I grew up lighting Chanuka candles inside the house. In my community, the uniform practice is to do so outside. I think that is great, but I miss seeing them inside my house. Is it permitted to light a second chanukia indoors (could it be bal tosif)? If permitted, what is the best way to do it?
It is popular to light Chanuka candles in public gatherings. My extended family (about 40 people) will being getting together on a night of Chanuka in a small hall. Should/can we light with a beracha? (We expect all to have already lit at home.)
One has enough money to either buy wine for Kiddush or candles for Shabbat.
What has priority? Does the wine have priority since Kiddush at night is from the Torah or do candles of Shabbat have preference for the sake of "Shlom Bayit"?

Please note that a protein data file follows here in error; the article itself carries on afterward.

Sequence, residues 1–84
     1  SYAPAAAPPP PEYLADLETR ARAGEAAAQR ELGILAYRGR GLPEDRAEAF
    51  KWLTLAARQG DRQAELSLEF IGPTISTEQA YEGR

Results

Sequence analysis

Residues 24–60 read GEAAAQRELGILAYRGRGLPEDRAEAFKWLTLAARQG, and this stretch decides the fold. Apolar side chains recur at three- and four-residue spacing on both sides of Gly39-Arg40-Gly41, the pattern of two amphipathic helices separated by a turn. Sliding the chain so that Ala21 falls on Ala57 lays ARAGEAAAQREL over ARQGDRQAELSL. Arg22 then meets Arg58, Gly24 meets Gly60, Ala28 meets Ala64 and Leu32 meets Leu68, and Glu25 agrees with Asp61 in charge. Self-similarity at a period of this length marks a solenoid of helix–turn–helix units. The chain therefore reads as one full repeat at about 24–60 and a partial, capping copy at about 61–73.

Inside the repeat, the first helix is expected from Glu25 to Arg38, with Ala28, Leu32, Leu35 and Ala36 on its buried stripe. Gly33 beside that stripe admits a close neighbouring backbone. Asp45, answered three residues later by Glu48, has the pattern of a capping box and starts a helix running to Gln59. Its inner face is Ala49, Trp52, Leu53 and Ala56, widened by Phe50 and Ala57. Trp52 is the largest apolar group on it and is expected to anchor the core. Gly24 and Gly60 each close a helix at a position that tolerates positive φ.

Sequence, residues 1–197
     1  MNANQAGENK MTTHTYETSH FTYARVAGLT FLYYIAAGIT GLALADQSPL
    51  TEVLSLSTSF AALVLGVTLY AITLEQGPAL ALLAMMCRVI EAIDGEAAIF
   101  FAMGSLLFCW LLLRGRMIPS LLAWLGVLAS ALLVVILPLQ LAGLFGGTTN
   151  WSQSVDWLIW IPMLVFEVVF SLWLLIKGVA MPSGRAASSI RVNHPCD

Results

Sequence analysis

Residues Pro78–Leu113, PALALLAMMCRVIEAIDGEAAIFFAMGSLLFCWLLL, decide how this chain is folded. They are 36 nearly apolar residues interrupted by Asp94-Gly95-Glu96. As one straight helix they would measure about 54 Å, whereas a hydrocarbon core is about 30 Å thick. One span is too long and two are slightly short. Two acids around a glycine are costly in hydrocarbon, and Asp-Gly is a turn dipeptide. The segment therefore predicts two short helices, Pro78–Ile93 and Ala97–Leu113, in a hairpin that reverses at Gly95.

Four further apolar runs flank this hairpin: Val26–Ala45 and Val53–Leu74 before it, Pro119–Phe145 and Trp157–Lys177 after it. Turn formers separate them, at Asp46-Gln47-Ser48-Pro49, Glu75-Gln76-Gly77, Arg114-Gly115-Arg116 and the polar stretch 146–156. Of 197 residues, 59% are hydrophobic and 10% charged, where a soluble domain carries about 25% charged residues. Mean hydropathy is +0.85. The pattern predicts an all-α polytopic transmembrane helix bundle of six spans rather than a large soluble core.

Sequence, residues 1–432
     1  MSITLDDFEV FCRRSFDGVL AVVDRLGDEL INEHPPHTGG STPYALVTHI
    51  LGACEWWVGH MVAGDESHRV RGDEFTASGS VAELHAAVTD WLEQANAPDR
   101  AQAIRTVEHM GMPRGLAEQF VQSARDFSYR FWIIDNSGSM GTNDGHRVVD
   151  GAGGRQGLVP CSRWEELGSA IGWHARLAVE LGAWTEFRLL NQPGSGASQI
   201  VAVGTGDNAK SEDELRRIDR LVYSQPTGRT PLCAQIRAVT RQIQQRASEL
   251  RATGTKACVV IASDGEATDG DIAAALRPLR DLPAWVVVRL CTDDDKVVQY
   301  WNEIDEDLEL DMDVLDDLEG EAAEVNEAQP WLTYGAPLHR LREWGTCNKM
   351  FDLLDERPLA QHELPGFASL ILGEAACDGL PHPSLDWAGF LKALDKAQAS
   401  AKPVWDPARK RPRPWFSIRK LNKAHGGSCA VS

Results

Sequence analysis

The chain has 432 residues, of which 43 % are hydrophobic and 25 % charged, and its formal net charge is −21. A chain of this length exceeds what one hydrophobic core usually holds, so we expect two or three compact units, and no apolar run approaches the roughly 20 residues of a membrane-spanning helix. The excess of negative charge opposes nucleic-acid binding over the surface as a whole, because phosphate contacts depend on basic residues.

Fulfilling the Mitzvah in the following cases, according to the Sephardic and Ashkenazi customs: lighting in the Synagogue, travelers, women, single and married children living at home and away from home, Yeshiva students, soldiers, roommates, mourners, and blind persons.
It is the act of lighting the Chanukah lamp that constitutes the precept. Therefore, even if the head of the household is sick and cannot get out of bed, we may not bring them to him to light by his bedside and then set them down in their proper place.
In the past, people gathered at home just before nightfall. At sunset, then, the streets were full of people returning home. The sages therefore ruled that the time for lighting Chanukah candles is "from sundown until the marketplace has emptied out."
When buying oil for Chanukah, one should not say, “This oil is for Chanukah,” for some authorities hold that by making such a statement one dedicates all of the oil for Chanukah candles alone, including that which remains in the bottle after Chanukah.